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Most Helpful Customer Reviews on (beta) 4.8 out of 5 stars  51 reviews
54 of 57 people found the following review helpful
5.0 out of 5 stars Gritty and Compelling Police Drama 16 Mar 2005
By Dumb Ox - Published on
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Some spoilers within; do not read if trying not to find out plot developments.

This is a film that was inexcusably blown off at the Oscars. It richly deserved the awards it never received. Lifted straight from the book with only minor name changes, Prince of the City was a compelling look into the world of a narcotics detective as he brings about his unit's downfall. Danny Cielo (Treat Williams) is the cop who belatedly develops a conscience and rebels against what he and his men have become in their war on drugs; they've corrupted themselves to nail the corrupt and maintain their fantastically high arrest and conviction rate.

At first, Cielo has no intention of turning in his unit. He actually tries only to go after the criminals. However, in making a deal with the feds he's made a deal with the devil. The prosecutors realize they have a gold mine in Cielo and dig into him for all the information they can obtain. Little by little, the circle tightens like a noose around Cielo until he ends up fingering his mentor, then his own men. For a cop to rat on fellow cops is a deeply imprinted anamoly, an affront to the brotherhood that binds the police more tightly than blood ties. Cielo disintegrates under the pressure and agonies of his betrayals, shaking and crying, popping Valium to alleviate his tortured guilt. Around him, his men rat each other out and one even commits suicide. Only one is strong enough to withstand the feds: Gus Levy (Jerry Orbach), who marches into the office of a weasely prosecutor to tip his desk onto him and offers to toss him through the window of his high-rise building. At the end, Levy despises Cielo for his decision, and though Danny has done the right thing in the eyes of the law, he suffers as a pariah in the view of some of his fellow police officers.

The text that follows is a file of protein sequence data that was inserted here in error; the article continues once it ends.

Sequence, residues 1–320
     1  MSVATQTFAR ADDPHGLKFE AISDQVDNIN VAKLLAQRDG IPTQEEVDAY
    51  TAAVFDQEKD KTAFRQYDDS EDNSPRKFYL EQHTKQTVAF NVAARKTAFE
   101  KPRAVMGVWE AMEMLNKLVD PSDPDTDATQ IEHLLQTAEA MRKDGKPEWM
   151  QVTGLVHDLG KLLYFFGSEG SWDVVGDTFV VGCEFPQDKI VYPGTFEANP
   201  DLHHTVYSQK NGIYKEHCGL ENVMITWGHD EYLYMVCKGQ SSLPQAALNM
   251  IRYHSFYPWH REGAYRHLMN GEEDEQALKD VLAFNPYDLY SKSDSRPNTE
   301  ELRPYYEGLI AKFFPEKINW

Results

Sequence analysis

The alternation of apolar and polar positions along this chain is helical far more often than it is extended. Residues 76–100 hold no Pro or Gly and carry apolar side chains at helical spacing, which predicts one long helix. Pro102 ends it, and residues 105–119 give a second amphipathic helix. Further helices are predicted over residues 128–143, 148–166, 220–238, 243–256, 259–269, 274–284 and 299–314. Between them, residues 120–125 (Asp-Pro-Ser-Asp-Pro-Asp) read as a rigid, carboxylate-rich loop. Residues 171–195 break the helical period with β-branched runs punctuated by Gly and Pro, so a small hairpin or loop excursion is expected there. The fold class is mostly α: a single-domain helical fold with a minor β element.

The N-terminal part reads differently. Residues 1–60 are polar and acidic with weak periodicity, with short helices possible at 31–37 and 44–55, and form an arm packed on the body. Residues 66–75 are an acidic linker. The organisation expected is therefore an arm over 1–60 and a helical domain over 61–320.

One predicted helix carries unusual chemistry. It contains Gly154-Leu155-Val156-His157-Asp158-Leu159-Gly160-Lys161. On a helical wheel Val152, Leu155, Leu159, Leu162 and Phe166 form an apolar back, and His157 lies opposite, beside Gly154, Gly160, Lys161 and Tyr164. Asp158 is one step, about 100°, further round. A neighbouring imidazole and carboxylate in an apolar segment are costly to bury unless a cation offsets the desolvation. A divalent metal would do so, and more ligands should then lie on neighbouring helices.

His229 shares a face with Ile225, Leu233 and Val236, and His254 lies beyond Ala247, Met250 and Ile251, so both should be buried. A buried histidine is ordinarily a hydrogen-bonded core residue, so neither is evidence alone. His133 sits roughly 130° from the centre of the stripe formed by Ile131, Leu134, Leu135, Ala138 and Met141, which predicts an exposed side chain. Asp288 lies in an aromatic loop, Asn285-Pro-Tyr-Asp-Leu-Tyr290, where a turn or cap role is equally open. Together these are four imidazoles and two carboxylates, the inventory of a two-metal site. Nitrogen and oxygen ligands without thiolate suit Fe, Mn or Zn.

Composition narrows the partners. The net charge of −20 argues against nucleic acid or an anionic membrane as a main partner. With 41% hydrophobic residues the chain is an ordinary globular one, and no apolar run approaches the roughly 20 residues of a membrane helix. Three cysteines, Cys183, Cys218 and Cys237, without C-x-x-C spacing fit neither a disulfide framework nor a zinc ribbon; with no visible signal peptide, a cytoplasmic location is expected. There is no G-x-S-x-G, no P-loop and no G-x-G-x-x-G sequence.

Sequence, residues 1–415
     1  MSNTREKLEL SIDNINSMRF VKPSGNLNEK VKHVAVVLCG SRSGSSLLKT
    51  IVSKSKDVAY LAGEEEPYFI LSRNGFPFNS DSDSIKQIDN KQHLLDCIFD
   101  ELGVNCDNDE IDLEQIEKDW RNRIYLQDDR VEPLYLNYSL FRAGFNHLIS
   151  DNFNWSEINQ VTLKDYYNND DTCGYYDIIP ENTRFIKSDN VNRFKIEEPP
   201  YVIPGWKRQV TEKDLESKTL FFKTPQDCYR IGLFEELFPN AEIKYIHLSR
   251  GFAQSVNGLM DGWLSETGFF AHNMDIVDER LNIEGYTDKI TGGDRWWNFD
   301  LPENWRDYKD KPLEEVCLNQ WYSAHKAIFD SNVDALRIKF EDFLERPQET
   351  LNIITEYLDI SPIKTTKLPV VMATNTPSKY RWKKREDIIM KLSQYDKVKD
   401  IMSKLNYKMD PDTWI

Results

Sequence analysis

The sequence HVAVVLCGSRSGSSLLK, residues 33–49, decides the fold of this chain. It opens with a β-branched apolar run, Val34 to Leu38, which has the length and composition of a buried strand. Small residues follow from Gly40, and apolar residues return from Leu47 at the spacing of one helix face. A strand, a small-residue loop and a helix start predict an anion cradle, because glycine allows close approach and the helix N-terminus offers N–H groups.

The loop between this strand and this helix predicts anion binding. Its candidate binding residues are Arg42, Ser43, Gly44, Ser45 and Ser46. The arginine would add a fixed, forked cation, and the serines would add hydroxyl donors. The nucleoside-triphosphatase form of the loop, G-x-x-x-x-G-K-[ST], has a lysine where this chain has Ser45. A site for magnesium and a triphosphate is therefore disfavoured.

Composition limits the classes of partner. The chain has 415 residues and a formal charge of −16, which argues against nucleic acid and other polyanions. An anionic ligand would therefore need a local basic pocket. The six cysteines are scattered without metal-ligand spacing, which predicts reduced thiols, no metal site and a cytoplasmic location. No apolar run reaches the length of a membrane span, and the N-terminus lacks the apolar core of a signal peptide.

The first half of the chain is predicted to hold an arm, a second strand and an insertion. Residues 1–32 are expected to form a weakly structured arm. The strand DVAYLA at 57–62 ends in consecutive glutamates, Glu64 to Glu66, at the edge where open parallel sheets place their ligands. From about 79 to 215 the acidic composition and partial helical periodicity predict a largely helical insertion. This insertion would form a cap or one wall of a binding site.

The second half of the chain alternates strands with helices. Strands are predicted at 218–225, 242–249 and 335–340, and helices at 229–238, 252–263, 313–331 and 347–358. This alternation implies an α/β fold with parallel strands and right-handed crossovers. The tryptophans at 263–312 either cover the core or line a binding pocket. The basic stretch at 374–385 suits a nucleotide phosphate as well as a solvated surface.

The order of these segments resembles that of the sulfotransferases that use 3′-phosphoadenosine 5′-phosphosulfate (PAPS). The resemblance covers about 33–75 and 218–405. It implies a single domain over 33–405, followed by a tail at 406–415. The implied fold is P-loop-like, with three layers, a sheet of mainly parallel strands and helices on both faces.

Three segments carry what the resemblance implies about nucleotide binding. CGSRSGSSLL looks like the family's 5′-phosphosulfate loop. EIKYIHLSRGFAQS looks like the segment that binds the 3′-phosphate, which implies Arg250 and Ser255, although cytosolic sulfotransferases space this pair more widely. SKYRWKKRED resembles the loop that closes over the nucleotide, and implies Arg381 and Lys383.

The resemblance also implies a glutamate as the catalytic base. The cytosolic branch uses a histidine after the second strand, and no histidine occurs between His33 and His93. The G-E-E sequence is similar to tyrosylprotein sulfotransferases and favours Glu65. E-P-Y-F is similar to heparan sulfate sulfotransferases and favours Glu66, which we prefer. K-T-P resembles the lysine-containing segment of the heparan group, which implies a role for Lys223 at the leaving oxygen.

This is a great piece of cinema. The direction is tight, the acting fantastic, and the dialogue heavily laced with coarse language that deepens the realism. Treat Williams never again received a role or acted so well as he did in this film. Jerry Orbach was so immersed in his part that Dick Wolf wanted him as a detective on Law & Order after seeing him portray Gus Levy. Sidney Lumet sculpted this movie into an intense drama that, while long, is never boring. Done by Lumet as an apology for his hatchet job on the NYPD in Serpico, this film succeeds in more ways than mere atonement; it is brilliant in its own right and ends more ambiguously, letting the viewer sort out who did the right thing. This is an excellent movie, highly recommended for those who enjoy tough moral dilemmas and superb cinema craftsmanship.